I’m proud to present another Sea Lion Press review, this one being of the once-infamous The Big One series of alternate history/aircraft novels. The review can be found here. It was a lot of fun to write.
As readers of this blog undoubtedly know, I’ve dipped pretty deep into the small field known as [mostly] conventional World War III fiction. So when I saw an actual new release of one, Evan Currie’s Holy Ground, I felt obligated to check it out. The book is a prequel to an extensive science fiction series, and it shows. It centers around the defense of the island of Iwo Jima, on land, sea, and air.
Honestly, the setting image that came to my mind was “Command and Conquer Generals”. Not in the exact form or in it being an exact ripoff of that game-it definitely is not. But in the general (no pun intended) sense of a combination of sci-fi technology and stuff that’s visible in the obvious headlines/popular culture. Despite nominally taking place several decades in the future, there’s a lot of contemporary fighter aircraft designations. There’s also a lot of “cinematic” stuff, like missile-age aircraft using guns far more often than they realistically should.
Because of these limitations, it doesn’t succeed in being a technothriller. At the same time it’s too comparably grounded to be a Wingman-style pulpy thriller. And even judged purely on its own terms, the action isn’t the best. I want to emphasize it’s not the worst either, but I’ve definitely read better. For me it was a little fascinating to see what a technothriller in the style of a popular science fiction book looked like, but that can’t raise the novel above average on its own.
The second book in Brent Towns’ Team Reaper series, Deadly Intent is one of the best thrillers I’ve read in some time. The action here is almost literally non-stop as the titular force battles against a seemingly never-ending stream of enemies in a battle that spans multiple continents.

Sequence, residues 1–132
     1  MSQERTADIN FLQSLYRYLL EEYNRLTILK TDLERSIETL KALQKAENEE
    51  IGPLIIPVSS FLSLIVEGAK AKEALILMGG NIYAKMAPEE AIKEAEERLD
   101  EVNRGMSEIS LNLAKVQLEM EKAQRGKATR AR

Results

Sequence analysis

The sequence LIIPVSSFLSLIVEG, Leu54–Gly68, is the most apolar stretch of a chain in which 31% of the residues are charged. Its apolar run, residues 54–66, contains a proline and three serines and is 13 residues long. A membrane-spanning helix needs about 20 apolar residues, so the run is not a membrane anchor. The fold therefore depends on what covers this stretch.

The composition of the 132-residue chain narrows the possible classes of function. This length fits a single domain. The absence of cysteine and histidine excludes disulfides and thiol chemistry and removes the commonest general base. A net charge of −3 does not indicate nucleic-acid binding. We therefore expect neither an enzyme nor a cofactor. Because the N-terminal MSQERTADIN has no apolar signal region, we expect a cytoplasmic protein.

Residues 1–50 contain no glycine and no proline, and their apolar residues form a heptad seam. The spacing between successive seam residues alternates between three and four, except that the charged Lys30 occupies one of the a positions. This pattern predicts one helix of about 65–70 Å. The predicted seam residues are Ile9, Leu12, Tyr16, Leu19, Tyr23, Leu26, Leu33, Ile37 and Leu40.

The constant action, team-based protagonists, vast geographic setting, and more out-there elements of the plot (to put it mildly) reminded me of one of the Stony Man Gold Eagles. The difference though is that this is done better than the Stony Man/Able Team/Phoenix Force entries I’ve read. The action and narrative flows a lot more smoothly, and the characters feel more developed (in a small sense, but still).
There are times when a book, even a cheap thriller, benefits from slowing down and having lots of buildup. But there are other times when one, like this, benefits from just welding the gas pedal to the floor. This is quite the experience and I highly recommend it.
The Iron Dream
Norman Spinrad’s The Iron Dream is an alternate history satire of the er, “issues” in lowbrow fiction. In it, Adolph Hitler doesn’t go into politics, instead becoming a pulp science fiction author. The book primarily consists of an in-universe novel involving the manly men of Heldon triumphing over hideous mutants and their masters, the mind-controlling Dominators. Does this remind you of anything?
This book is not subtle in the slightest concerning its message of the er “dubious” parts of adventure fiction. I could feel a tone of “Ok, here’s a very obvious reference? Do you get it? Ok, here’s another one. Get it? And to make absolutely sure that you get it, I’ll have an in-universe epilogue that explains everything”. My own reaction was “I get it! All right, I get it. Seriously- I GET IT.”
Thankfully, it’s quite understandable why Spinrad is so forceful. The stories of people not getting it despite his best efforts speak as to why. But it’s also dated in some ways. First, the type of exact “thud and blunder” prose/story he was parodying is now long obsolete. Second, it’s interesting to see a huge example of something coming not that long after its publication that was both prominent and different from the tone-Star Wars. Star Wars features a multispecies alliance of often-ugly aliens fighting a human-dominated empire. It may be a single example, but it’s the biggest example.
Beyond that, I can still understand and sympathize with the message. It’s one of the reasons why, while not a deal breaker, I tend to not like science fiction that has alien species’ introduced purely to be antagonists. However, I’ll admit it also feels a little like punching down at a very easy and very obvious target.